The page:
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Old April 25th, 2018, 05:04 PM   #11

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Originally Posted by RomaVictrix View Post
Lol. There was an ancient Roman battle along that street, wasn't there.
Yes indeed- (or ita vero) - poor ol' Boudicca!

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Sorry, I'm not convinced, not even in the slightest. To my knowledge Roman women did not portray themselves as foreign queens, and the very idea of Roman men taking on the trappings of Hellenistic kingship was deemed highly scandalous and frowned upon by regular Romans, especially the oligarchic Senate. This is something they chided Pompey for when he returned home from the east with riches and fine clothing. It's something Caesar was deftly aware of with his little play performance of refusing the diadem crown foisted on him by Mark Antony at the Lupercalia festival. It is something Octavian was very careful to avoid as he amassed constitutional powers to become the first emperor Augustus, or better yet the first among equals and citizens as he portrayed it. Much later Roman emperors were more comfortable presenting themselves as autocratic rulers, without question by the time of Diocletian and the Dominate-style government.

Let's put it another way: do you have any evidence, and I mean a tiny shred, that any Roman woman ever and I mean ever portrayed herself as a living foreign queen during the Republican period? If so you better publish your findings quick before someone beats you to it, because that ought to be the find of the decade.
It would be one thing walking about in public pretending to be a queen- another thing in art. And some things are simply not susceptible to proof- there are too many gaps, unlike in science.You can't always cry 'prove it or lose it'! Short of a picture having a name next to it (like some mosaics of gladiators for instance) or an artists book on his work, how can one prove it? Even Ms Walker-Watling had to admit it cannot be ruled out.

None of these Pompeiian locals will have been confused with Caesar. But they want a painting. Most artists will not have had access to some sort of image database. No photos. They just might have seen a coin.In practice, who is to say if it is Cleo's face or not? That's the reason new Emperors sent official portraits round to those who would use it for coins, images, medallions, standards etc. Without those official images, artists just have to use their imaginations. Nobody is likely to be in a position to gainsay it. So a local Pompeii artist wanting to execute a portrait of Cleo- and preferring a sitting model- use a local lady to model for it. That is assuming it is Cleo after all, but in a way it wouldnt matter who it was meant to be.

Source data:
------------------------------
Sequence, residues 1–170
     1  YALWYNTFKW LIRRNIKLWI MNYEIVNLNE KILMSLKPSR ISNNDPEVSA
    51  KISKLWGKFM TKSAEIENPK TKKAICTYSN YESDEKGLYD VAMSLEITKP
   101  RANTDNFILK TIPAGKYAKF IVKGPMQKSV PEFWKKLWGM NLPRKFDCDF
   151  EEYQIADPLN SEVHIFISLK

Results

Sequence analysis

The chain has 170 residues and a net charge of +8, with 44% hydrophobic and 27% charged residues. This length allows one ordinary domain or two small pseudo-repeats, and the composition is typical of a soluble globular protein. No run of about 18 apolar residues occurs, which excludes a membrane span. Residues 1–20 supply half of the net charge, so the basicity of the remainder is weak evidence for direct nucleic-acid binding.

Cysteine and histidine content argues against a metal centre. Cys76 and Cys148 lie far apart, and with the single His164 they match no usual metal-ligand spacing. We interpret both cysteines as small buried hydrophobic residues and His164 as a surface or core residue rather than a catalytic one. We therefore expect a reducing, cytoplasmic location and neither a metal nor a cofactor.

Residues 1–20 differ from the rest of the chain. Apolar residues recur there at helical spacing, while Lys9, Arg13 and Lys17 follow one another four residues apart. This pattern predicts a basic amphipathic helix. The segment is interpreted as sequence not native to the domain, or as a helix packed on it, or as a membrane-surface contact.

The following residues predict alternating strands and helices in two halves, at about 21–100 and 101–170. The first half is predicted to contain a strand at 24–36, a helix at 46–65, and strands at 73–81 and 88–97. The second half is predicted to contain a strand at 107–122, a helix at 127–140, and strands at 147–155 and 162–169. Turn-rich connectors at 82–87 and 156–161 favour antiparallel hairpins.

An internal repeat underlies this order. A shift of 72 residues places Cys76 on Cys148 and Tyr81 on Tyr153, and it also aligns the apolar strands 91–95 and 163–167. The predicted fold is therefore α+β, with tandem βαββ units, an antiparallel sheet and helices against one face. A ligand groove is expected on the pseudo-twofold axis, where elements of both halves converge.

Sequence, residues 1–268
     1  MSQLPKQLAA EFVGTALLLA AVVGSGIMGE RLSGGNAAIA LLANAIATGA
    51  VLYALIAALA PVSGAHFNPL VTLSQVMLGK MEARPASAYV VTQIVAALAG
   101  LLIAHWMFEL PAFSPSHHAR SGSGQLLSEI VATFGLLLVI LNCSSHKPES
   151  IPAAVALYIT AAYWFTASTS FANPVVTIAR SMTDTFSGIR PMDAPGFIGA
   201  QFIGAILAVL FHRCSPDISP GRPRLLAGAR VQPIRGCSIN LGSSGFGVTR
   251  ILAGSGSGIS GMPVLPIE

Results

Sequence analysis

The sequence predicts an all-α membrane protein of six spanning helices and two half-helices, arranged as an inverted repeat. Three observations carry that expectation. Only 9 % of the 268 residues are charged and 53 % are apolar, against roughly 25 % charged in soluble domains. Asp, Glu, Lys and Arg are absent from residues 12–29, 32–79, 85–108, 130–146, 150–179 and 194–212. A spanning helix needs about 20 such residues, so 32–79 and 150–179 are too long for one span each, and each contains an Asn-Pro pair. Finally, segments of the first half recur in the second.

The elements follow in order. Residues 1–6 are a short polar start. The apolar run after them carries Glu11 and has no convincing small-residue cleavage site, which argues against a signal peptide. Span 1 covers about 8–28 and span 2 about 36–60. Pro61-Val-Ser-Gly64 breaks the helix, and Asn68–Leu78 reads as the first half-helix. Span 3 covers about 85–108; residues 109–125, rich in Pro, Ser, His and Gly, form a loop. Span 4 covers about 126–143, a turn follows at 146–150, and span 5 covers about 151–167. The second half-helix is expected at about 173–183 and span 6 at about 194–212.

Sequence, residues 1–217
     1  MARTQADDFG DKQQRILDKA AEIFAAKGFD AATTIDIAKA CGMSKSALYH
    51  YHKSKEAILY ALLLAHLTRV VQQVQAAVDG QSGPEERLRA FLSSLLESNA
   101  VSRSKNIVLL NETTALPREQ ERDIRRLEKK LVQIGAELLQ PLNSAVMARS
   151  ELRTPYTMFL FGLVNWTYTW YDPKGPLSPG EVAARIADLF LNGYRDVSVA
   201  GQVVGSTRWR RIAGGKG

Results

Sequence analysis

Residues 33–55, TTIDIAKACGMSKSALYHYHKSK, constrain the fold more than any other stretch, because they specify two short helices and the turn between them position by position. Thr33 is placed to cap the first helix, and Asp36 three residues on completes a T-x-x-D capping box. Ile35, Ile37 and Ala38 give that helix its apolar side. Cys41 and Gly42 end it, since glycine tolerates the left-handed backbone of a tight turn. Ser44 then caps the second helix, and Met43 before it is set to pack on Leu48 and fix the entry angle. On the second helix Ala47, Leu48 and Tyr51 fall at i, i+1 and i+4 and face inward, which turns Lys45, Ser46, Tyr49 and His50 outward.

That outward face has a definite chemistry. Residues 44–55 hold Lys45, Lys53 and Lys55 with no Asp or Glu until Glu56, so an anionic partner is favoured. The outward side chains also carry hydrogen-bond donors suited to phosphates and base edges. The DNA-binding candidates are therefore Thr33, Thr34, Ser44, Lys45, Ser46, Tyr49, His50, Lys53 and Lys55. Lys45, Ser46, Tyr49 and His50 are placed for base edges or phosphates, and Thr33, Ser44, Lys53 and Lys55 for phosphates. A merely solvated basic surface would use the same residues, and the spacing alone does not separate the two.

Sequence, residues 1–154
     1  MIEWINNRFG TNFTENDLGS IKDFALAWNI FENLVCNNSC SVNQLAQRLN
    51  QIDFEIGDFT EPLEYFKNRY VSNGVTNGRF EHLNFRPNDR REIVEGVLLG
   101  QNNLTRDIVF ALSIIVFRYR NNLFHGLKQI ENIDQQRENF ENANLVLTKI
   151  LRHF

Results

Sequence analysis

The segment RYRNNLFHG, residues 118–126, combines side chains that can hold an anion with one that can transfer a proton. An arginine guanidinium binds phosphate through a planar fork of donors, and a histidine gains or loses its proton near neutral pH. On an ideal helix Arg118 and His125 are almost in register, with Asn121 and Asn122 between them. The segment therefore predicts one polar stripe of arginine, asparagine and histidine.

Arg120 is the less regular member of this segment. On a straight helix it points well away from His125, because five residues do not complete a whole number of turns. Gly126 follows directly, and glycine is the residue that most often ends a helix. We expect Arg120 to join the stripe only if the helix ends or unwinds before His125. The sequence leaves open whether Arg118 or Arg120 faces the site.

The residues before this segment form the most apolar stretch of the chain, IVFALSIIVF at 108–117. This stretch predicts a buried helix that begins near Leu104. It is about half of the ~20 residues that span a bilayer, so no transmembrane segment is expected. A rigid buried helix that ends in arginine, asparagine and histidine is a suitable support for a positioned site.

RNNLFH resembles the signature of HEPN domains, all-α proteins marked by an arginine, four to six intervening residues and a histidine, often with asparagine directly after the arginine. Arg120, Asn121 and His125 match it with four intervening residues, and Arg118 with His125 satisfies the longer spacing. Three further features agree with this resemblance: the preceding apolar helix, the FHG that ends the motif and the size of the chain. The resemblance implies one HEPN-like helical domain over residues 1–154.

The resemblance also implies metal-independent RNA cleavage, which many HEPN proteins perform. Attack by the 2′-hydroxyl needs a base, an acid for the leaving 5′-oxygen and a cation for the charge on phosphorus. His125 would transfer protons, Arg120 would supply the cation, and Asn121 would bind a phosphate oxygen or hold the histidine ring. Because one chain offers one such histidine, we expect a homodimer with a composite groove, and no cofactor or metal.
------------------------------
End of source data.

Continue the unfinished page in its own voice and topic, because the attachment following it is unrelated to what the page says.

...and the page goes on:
Sculptors even used living models to pose for statutes of deities- the Roman view of interaction with their deities was very different from our own.

I think you may be getting it out of proportion. This wasn't about pretending to be a king, queen or god in public. Its just about someone modelling privately for a painting to be executed.

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Thanks for the speedy correction.
My pleasure! Roman Coins are sort of my area- been studying them 40 plus years now.

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Pfft. You're no fun.

Perhaps I forget myself sometimes, that I'm on a serious forum like Historum, and not somewhere else. Perhaps I'm too used to arguing with abrasive jerk-offs on Reddit and in Youtube commentary sections. Some of those places will slowly but surely drain away whatever politeness and humanity you might have had.

Also, this is kinda sorta my brand of sardonic humor.
I am, fun really, you know! I like a good laugh and a bit of fun together and much prefer to get to know and like my fellow history lovers. We always have a lot in common when you come to look on it or we wouldnt be here! I like your views and sense of humour not to mention the way you build your points and all the lovely art you have taken the trouble to show us.